Using Family Paradigms to Improve Evidence-Based Practice Purpose Evidence-based practice (EBP) describes clinical decision making using research, clinical experience, and client values. For family-centered practices, the client’s family is integral to this process. This article proposes that using family paradigms, a family science framework, may help elicit and understand client/family values within family-centered EBP. Method ... Viewpoint
Viewpoint  |   August 01, 2009
Using Family Paradigms to Improve Evidence-Based Practice
 
Author Affiliations & Notes
  • Mary Jo Cooley Hidecker
    Michigan State University, East Lansing
  • Rebecca S. Jones
    Private Practice, Holt, MI
  • David R. Imig
    Michigan State University
  • Francisco A. Villarruel
    Michigan State University
  • Contact author: Mary Jo Cooley Hidecker, who is now at the University of Central Arkansas, Speech-Language Pathology Department, Box 4985, Conway, AR 72035. E-mail: mjchidecker@uca.edu.
Article Information
Augmentative & Alternative Communication / Research Issues, Methods & Evidence-Based Practice / Viewpoint
Viewpoint   |   August 01, 2009
Using Family Paradigms to Improve Evidence-Based Practice
American Journal of Speech-Language Pathology, August 2009, Vol. 18, 212-221. doi:10.1044/1058-0360(2009/08-0011)
History: Received February 28, 2008 , Revised July 25, 2008 , Accepted January 24, 2009
 
American Journal of Speech-Language Pathology, August 2009, Vol. 18, 212-221. doi:10.1044/1058-0360(2009/08-0011)
History: Received February 28, 2008; Revised July 25, 2008; Accepted January 24, 2009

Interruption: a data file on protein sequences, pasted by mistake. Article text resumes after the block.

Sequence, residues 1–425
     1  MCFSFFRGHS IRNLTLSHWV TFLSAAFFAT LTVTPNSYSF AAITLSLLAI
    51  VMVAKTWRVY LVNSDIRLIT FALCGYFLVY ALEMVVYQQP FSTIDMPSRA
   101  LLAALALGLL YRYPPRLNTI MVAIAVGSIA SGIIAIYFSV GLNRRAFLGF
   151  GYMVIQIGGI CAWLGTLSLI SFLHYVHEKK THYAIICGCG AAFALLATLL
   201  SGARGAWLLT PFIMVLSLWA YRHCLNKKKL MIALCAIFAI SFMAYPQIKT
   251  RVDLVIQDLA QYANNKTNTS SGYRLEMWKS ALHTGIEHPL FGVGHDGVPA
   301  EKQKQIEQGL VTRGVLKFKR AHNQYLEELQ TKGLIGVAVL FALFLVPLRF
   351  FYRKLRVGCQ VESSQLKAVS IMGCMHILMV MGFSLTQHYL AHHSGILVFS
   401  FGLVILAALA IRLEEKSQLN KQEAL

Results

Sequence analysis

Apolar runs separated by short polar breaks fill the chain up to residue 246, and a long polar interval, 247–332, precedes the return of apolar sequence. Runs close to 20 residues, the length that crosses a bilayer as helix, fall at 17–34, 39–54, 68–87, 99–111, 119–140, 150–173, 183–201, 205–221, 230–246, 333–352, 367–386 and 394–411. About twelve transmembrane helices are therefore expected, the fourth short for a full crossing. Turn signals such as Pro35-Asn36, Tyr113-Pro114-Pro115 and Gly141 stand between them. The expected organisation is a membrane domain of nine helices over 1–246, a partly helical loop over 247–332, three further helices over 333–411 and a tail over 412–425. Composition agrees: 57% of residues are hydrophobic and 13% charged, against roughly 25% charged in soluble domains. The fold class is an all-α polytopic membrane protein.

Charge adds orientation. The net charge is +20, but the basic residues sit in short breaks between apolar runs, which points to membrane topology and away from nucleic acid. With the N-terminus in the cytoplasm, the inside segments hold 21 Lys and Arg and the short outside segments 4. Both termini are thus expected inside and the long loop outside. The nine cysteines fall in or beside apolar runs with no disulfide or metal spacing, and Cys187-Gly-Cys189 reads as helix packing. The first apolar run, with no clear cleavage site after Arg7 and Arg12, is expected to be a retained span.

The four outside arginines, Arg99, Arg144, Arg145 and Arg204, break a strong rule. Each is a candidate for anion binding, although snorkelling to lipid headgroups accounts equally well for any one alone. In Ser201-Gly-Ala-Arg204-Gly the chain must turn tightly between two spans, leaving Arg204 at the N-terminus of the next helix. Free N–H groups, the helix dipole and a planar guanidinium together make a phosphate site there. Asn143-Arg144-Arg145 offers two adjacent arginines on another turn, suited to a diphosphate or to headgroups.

Web of Science® Times Cited: 1

Purpose Evidence-based practice (EBP) describes clinical decision making using research, clinical experience, and client values. For family-centered practices, the client’s family is integral to this process. This article proposes that using family paradigms, a family science framework, may help elicit and understand client/family values within family-centered EBP.

Method This article describes the family paradigms framework: 4 classic paradigms of “closed,” “random,” “open,” and “synchronous.” Its applicability to family-centered EBP is proposed using augmentative and alternative communication examples.

Results A family-centered approach to EBP requires families to be an integral part of clinical decision making, but some families may need assistance in enumerating their views and values. Family paradigms (which consider how a family uses its resources of time, space, energy, and material in the pursuit of its goals of control, affect, meaning, and content) may be a way to elicit family values and preferences relevant to clinical decisions.

Conclusions Family and client values can be incorporated throughout the EBP steps. Considering family paradigms may increase awareness and understanding of how families' views of their goals and resources affect clinical decisions. Further research is needed into both the processes and effectiveness of using family paradigms to conduct family-centered EBP.

Acknowledgments
This project was supported in part by National Institute on Deafness and Other Communication Disorders predoctoral fellowship NIH-NIDCD F31-DC05443 and postdoctoral fellowship NIH-NIDCD F32-DC008265. Jill Elfenbein, John Eulenberg, John Folkins, Ray Kent, Ida Stockman, Rana Al Khamra, Amyn Amlani, Johanna Boult, Sara Shogren Holcomb, David Medei, Diane Ogiela, Robin Roots, Greg Robinson, and Deborah Stuart provided critical comments and insights on earlier drafts of this article.
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